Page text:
Gender-affirming hormones and surgery are vital parts of healthcare for transgender and non-binary people. A new study shows that for trans and non-binary youth in particular, it can be lifesaving.
Researchers at the Seattle Children’s Gender Clinic followed more than 100 young trans and non-binary people aged 13-21 to assess how gender-affirming care impacted their mental health. After 12 months of treatment, both depression and suicidality levels had plummeted.
At the outset, more than half the participants had “moderate to severe depression,” and half had “moderate to severe anxiety,” the study abstract notes. More than 40% of participants had had suicidal thoughts in the previous two weeks.
But by the end of the year, depression levels had fallen by 60%, and recent suicidal thoughts had fallen by a whopping 73%. The researchers found no notable change in anxiety over the course of the study.
For trans people, who the study abstract notes are “disproportionately burdened” by mental health issues such as depression and suicide, these results are profound. They provide strong support to an existing body of evidence that gender-affirming care is necessary for many trans people, including teenagers.
“Because we live in a society with anti-transgender bias and stigma, trans people experience higher rates of poor mental health due to repeated experiences of discrimination and lack of social support,” Diana Tordoff, a PhD candidate at the University of Washington and a co-author of the study, told Fatherly via email.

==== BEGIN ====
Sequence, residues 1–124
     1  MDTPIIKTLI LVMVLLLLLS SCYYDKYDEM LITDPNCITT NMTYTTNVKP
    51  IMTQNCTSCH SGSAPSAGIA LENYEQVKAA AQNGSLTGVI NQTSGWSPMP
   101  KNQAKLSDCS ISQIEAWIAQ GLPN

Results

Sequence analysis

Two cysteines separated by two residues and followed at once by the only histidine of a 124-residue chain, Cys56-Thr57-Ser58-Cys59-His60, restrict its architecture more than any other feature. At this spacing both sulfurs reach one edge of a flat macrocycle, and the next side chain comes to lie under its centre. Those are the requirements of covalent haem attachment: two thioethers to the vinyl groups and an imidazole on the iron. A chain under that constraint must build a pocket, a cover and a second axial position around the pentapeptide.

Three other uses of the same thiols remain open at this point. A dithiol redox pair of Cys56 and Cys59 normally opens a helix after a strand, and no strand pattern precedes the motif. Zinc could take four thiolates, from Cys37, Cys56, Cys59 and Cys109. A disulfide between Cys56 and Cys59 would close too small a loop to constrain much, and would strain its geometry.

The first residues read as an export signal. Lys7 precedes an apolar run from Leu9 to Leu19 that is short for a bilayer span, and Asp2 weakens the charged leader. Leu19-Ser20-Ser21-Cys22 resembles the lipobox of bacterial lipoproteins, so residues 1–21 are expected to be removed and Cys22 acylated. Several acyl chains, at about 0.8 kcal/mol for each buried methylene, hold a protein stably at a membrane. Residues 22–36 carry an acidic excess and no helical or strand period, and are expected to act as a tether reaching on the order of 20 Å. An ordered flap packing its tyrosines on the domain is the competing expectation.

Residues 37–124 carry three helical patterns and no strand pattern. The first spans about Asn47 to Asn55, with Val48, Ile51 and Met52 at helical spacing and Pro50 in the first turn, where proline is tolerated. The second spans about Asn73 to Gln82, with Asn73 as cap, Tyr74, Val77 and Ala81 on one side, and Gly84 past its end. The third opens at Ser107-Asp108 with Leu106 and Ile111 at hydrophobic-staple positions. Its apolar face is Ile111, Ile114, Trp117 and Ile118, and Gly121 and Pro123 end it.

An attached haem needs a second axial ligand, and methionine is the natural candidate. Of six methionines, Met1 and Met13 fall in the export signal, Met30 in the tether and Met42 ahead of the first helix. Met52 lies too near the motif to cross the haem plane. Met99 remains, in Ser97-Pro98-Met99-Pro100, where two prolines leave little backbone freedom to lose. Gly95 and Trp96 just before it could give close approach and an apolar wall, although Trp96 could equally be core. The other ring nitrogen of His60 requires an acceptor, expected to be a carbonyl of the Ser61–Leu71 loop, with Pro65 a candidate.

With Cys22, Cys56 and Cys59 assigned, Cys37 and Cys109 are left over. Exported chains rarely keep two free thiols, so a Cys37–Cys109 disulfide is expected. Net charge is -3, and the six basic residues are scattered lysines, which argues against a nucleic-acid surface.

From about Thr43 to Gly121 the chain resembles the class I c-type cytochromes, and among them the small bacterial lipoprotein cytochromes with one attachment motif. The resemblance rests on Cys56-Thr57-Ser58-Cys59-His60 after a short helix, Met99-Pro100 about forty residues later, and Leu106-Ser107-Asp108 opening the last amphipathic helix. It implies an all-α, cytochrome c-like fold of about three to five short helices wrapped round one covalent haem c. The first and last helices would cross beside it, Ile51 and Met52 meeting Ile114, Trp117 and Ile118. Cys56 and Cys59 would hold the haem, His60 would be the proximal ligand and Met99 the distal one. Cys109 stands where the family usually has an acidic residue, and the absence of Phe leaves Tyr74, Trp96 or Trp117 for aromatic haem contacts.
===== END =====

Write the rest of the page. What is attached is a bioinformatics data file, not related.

Previous research has found that gender-affirming care can reduce suicidal thoughts over the course of a person’s lifetime, Tordoff said. But, she added, “this is one of the first studies to show that access to gender affirming care can significantly improve mental health for trans youth rather quickly, over the relatively short time period of one year.”
The study hasn’t yet been published in a peer-reviewed journal, but the authors plan to present their data next week at a conference held by the American Academy of Pediatrics.
The study’s findings are “on par” and “very consistent” with other research in this field, says Russ Toomey, a family studies expert at the University of Arizona. Although previous research has confirmed the long-term benefits of gender-affirming care on young people’s mental health, it’s good to see it in the short-term too, he says. “It’s not something that a young person needs to wait a long time for, for there to be this benefit to a reduction in depression or suicidality.”
Despite the benefits of gender-affirming care, some U.S. states are moving to make access more difficult for trans youth. Last spring, Arkansas banned gender-affirming care in kids, despite the governor’s veto. (Over the summer, a federal judge blocked the law from taking effect, NBC News reported.) Lawmakers in other states, such as Texas and North Carolina, have introduced similar bills.
Toomey notes that there are a lot of misconceptions about gender-affirming care in young people. For one, pediatricians wouldn’t give gender-affirming hormones to anyone before they’re going through puberty, he says. In addition, while trans kids might take puberty blockers to put puberty on pause until they’re ready to start taking hormones, this treatment isn’t new — puberty blockers have been used for kids with precocious puberty for decades.
But the new findings support the idea that these kinds of treatments are key to some kids’ mental health. “The literature is very clear that when you have access to these treatments and gender-affirming care that we see very large decreases in depressive symptoms or suicidality,” Toomey says.